Kids take stock, and find county fair has rewards and heartbreaks
by: Courtesy Photo, Some pig! Abby Corliss of the Forest Grove High School FFA program shows her market hog last weekend at the Washington County Fair. The annual event, held at the fairgrounds in Hillsboro, drew thousands of folks during its four-day run.

Gobbling down corndogs and getting nauseous while riding the Cliffhanger is usually the biggest risk faced by Washington County Fair visitors. Others, however, have more than a mere upset stomach to worry about; they have reputations and serious amounts of money on the line.

This year, nearly 600 children and teenagers from 4-H and FFA exhibited sheep, cows, pigs, rabbits, goats, chickens, as well as projects in sewing, landscaping, and other crafts. Many walked away with awards and nicely fattened wallets.

Barbara, a 263-pound mixed-breed hog, netted budding farmer Nick Vanaken, 12, a Grand Champion trophy in the Market Hall swine division. Aside from bragging rights, the Forest Grove youth got to be the first seller at a hog auction the next day. Considering that last year's hog prices topped $3 a pound, he was in line to make a killing.

'He's been lucky to win Grand Champion right from the get-go,' said Marv Vanaken, Nick's father, noting that his son had previously participated only in dairy competitions. 'We're real proud of him.'

Nick attributed his animal's success to a combination of genetics, quality pig feed and a healthy dose of personal space. Although Barbara gained more than 200 pounds since Nick bought her this spring, the judge found she had developed excellent muscle mass.

'We had a big pen for them, so they got a lot of exercise, so they weren't fat,' Nick said.

A few stalls away, Josh Marsh and Michael Pope of the Banks FFA were in a less cheerful mood. Neither of the teenagers' pigs had gained enough weight to qualify for the official competition or the auction, which they believe was the result of inadequate feed.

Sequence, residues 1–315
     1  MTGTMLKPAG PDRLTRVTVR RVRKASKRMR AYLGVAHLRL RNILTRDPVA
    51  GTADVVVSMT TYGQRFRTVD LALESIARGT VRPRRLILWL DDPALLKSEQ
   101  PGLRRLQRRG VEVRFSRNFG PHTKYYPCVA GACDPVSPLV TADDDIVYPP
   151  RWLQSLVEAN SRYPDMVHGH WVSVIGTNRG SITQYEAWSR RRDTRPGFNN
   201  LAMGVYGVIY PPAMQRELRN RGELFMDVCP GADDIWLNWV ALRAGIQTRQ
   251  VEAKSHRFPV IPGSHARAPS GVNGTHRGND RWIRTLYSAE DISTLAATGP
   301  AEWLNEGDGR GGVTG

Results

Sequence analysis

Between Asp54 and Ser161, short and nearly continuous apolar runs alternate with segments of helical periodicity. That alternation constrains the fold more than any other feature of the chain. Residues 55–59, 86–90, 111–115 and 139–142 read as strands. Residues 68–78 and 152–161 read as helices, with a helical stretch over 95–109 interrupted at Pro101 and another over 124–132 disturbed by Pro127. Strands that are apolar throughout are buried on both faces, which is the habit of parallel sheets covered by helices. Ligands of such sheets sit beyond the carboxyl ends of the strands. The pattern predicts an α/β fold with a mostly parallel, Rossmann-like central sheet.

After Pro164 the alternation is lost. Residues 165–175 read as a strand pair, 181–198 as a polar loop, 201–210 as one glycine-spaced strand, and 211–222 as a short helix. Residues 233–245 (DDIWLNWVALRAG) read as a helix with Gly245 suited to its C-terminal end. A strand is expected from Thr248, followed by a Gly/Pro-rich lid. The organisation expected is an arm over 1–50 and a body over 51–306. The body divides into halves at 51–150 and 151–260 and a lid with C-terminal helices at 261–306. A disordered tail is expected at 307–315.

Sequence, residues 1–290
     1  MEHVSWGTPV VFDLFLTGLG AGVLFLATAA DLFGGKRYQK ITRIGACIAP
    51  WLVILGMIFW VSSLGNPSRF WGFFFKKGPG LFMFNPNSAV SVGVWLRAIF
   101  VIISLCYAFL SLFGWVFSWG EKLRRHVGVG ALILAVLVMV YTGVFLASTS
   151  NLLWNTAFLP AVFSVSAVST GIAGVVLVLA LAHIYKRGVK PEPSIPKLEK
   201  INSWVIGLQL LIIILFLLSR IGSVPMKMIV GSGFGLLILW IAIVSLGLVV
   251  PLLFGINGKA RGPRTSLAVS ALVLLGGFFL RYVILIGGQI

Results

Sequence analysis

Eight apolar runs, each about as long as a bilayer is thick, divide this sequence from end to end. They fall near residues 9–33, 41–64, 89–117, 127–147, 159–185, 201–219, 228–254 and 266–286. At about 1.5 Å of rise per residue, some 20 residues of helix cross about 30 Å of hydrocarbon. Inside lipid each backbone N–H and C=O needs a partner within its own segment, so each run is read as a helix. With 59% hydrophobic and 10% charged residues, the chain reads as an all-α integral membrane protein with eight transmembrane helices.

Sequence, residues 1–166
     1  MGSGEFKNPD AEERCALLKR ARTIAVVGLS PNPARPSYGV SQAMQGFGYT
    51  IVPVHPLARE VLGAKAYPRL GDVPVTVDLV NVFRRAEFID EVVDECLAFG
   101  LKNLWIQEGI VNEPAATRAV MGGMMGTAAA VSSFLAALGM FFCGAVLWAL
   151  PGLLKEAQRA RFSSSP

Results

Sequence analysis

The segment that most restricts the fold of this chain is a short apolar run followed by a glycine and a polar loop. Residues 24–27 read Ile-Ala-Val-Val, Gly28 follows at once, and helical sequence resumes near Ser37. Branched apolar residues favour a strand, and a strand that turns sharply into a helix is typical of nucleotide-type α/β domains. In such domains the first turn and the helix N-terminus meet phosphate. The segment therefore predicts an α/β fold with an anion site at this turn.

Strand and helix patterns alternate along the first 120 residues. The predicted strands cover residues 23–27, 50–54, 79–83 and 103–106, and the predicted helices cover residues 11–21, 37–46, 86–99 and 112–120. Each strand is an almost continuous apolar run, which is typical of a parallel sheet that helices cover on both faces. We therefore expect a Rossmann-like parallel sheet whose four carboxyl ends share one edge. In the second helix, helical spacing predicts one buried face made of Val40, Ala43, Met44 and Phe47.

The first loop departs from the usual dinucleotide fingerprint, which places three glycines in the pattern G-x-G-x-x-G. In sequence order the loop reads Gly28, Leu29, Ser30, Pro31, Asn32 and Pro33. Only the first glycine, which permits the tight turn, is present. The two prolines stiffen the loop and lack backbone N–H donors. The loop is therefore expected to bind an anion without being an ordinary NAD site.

'We can't sell them at the auction, so we're going to sell them outright to the public,' said Pope, noting that this type of sale usually commands lower prices.

Showing at the fair can be disappointing or exhilarating, but either way, it is sure to be exhausting. Competitors get up in the wee hours of the morning to transport the animals, clean their pens, and prepare them for the exhibition. When Emily Hinton of the Forest Grove FFA complained about lack of sleep, fellow member Tanner Smith couldn't help smirking.

'You got to wake up at five? You're lucky,' said Smith, who had risen two hours earlier. Due to the day's hard work, Smith decided to take a light nap in the hog pen. He pulled a baseball cap over his eyes and lay down right on top of two giant pigs. This didn't seem to bother them in the least, and they continued snoozing.

It wasn't only farm kids who got in on the action, however. Bryan Woods, a city-dweller from Troutdale, made a splash at the fair with his Black Angus breeding cow, Whisper, which won Supreme Champion Female. Because he doesn't live in the countryside, Woods works at Schmidlin Farms in Banks to pay for lodging of his small cattle herd.

'I've been raising cattle since I was 10,' said Woods, now 15. Winning top honors and potentially earning money are great incentives to participate in livestock shows, he said. Like many other 4-H and FFA members, however, his favorite part is simply spending time with the animals. 'The fun part of it is that you get to work with them and be with them a lot,' said Woods.

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